Researchers from the University of Toronto (Canada) have scientifically proven that the “blood type diet” is a myth, and there are no real patterns linking a person’s blood type with food that is preferable or easier for him to digest. To date, no scientific experiments have been conducted to prove the effectiveness of this diet, or to refute this speculative hypothesis.
The Blood Type Diet was born when naturopath Peter D’Adamo published the book Eat Right for Your Type.
The book voiced a theory belonging exclusively to the author himself that allegedly the ancestors of representatives of different blood groups historically ate different foods: group A (1) is called “Hunter”, group B (2) – “Farmer”, etc. At the same time, the author strongly recommends that people with the first blood group eat mainly different types of meat, arguing this with a “genetic predisposition” and the fact that meat is supposedly easily digested in their body. The author of the book boldly declares that this “diet” helps to get rid of many chronic diseases, including avoiding cardiovascular diseases, as well as to achieve a general improvement of the body.
The book sold over 7 million copies and became a bestseller, translated into 52 languages. However, the fact is that neither before nor after the publication of the book, no scientific studies confirming the “blood type diet” were carried out – neither by the author himself, nor by other specialists!
Peter D’Adamo simply voiced his unfounded hypothesis, which does not have and did not have any scientific support. And gullible readers around the world – many of whom suffer from various chronic diseases! – took this fake at face value.
It’s easy to understand why the author started all this mess, because the “Blood Type Diet” is not so much a funny speculative theory as a very specific and very profitable business, and not only for the author of the book, but also for many other healers and nutritionists, who sold and are selling this fake to their patients and clients around the world.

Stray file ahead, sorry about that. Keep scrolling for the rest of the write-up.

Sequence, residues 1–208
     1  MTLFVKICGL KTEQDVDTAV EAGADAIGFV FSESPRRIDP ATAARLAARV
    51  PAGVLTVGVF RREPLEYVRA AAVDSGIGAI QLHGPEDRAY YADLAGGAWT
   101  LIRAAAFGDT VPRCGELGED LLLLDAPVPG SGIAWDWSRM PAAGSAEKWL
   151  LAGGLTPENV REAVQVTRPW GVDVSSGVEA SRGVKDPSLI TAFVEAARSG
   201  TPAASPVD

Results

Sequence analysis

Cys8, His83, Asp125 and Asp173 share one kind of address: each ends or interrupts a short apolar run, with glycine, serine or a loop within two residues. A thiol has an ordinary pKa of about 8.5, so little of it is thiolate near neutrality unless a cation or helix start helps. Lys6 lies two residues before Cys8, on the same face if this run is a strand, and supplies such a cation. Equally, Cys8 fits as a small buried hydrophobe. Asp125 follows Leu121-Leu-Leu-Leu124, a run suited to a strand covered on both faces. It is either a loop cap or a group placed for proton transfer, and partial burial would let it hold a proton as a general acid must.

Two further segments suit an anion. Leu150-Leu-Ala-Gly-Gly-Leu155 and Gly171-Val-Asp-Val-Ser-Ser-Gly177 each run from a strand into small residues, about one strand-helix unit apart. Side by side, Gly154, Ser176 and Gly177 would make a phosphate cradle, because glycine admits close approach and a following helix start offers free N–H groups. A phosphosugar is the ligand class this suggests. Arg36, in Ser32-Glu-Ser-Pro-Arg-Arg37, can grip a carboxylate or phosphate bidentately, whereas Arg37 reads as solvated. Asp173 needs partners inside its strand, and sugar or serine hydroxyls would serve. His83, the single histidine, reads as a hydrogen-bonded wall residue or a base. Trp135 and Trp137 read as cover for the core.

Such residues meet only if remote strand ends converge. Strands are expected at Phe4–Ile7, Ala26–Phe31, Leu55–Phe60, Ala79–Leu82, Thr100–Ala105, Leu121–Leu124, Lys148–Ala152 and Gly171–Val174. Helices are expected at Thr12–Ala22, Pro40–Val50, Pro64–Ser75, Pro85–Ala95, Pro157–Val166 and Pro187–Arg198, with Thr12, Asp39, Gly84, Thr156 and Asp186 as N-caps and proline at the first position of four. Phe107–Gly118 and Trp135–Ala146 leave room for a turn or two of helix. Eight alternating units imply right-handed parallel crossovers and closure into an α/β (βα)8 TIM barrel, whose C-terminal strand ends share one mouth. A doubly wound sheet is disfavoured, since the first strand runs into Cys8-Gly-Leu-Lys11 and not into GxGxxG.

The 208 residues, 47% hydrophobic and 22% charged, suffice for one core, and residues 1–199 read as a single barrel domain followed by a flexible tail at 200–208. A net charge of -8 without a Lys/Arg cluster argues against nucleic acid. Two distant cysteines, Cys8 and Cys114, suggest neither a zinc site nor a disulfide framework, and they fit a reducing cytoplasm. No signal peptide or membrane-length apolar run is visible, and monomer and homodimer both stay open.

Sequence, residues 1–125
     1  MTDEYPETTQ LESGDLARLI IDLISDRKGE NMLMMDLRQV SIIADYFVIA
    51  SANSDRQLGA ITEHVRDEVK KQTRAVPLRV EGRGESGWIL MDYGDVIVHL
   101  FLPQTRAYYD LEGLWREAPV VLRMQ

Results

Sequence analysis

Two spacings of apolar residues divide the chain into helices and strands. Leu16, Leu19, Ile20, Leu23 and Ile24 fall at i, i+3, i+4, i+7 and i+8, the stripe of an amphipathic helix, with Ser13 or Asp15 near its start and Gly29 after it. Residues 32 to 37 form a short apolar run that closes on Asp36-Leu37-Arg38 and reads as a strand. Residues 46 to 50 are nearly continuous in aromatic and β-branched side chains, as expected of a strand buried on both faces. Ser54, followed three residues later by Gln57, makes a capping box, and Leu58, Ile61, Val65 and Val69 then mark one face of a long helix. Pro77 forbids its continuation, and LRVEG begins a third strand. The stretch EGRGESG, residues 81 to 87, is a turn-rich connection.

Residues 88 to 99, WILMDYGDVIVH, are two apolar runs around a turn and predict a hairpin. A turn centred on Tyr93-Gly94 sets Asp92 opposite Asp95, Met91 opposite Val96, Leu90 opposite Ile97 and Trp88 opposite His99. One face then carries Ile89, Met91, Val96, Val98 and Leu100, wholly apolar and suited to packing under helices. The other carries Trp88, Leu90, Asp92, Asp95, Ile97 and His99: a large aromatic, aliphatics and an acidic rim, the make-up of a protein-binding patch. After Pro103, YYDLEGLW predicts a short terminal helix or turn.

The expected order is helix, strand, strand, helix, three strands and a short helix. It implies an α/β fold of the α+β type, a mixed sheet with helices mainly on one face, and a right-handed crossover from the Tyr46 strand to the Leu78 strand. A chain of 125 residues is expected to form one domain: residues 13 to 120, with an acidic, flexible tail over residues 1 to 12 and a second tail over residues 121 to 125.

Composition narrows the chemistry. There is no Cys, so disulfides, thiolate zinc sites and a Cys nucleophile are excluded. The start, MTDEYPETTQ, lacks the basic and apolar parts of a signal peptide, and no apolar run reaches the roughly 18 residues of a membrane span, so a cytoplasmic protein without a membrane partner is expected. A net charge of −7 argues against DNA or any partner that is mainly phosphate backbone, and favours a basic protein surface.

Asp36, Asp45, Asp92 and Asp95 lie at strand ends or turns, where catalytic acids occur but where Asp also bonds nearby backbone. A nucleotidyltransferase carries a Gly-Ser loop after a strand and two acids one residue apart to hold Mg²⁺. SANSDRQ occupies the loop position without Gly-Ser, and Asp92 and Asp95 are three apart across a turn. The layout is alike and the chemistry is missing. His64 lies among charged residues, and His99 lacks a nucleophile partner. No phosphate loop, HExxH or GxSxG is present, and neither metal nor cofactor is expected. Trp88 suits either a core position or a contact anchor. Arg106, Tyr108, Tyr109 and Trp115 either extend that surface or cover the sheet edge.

Dr. El Soheimy, a professor of natural genomics at the University of Toronto, said: “There was simply no evidence for or against. This was an extremely curious hypothesis, and I felt it needed to be tested. Now we can say with complete certainty: “blood type diet” is an incorrect hypothesis.
Dr. El Soheimy conducted a fairly large study of blood tests from 1455 respondents on different diets. Further, the DNA and many quantitative characteristics of the obtained blood were examined, including indicators of insulin, cholesterol and triglycerides, which are directly related to the health of the heart and the whole organism as a whole.
The analysis of blood quality characteristics of different groups was specially carried out according to the structure proposed by the author of the book “Eat right for your type.” The conformity of a person’s diet with the recommendations of the author of this bestseller, and indicators of the health of the body, were assessed. The researchers found that in reality there are no patterns at all, which are described in the book “Eat right for your type.”
“The way each person’s body reacts to the consumption of foods related to one of these diets (proposed in D’Adamo’s book – Vegetarian) has nothing to do with blood type at all, but is entirely related to whether a person is able to adhere to a reasonable a vegetarian or low-carbohydrate diet,” emphasized Dr. El Soheimy.
Thus, scientists have found out that in order to lose weight and become healthier, one should not trust charlatans, because there is a proven and scientifically proven way: vegetarianism or a decrease in the amount of carbohydrates.
I think that now many of the people with the first blood type, whom the clever businessman D’Adamo urged to eat the meat of different animals every day, can breathe freely – and with a light heart and without fear of harming their health, choose the diet that has proven to be the most useful, and also corresponds to their worldview.
Last year, the respected scientific journal American Journal of Clinical Nutrition already published an article whose author drew the attention of the public and specialists to the fact that there is absolutely no scientific evidence for the existence of patterns described in Peter D’s book. Adamo, and neither the author himself nor other physicians have ever officially conducted scientific research on this matter. However, now the falsity of the hypothesis about the “diet by blood type” has been scientifically and statistically proven.
In practice, many people have noted that the “blood type diet” in some cases helps to quickly lose weight, but the result is short-term, and after a few months the normal weight returns. Most likely, this has a simple psychological explanation: at first, a person simply overate, due to unhealthy eating habits, and after sitting on a “blood type diet”, he began to pay more attention to what, how and when he eats. When the new eating habits became automatic, the person again relaxed his guard, gave free rein to his unhealthy appetite and continued to fill up at night, consume too high-calorie foods, and so on. – and here no overseas miracle diet will save you from gaining excess weight and deteriorating health.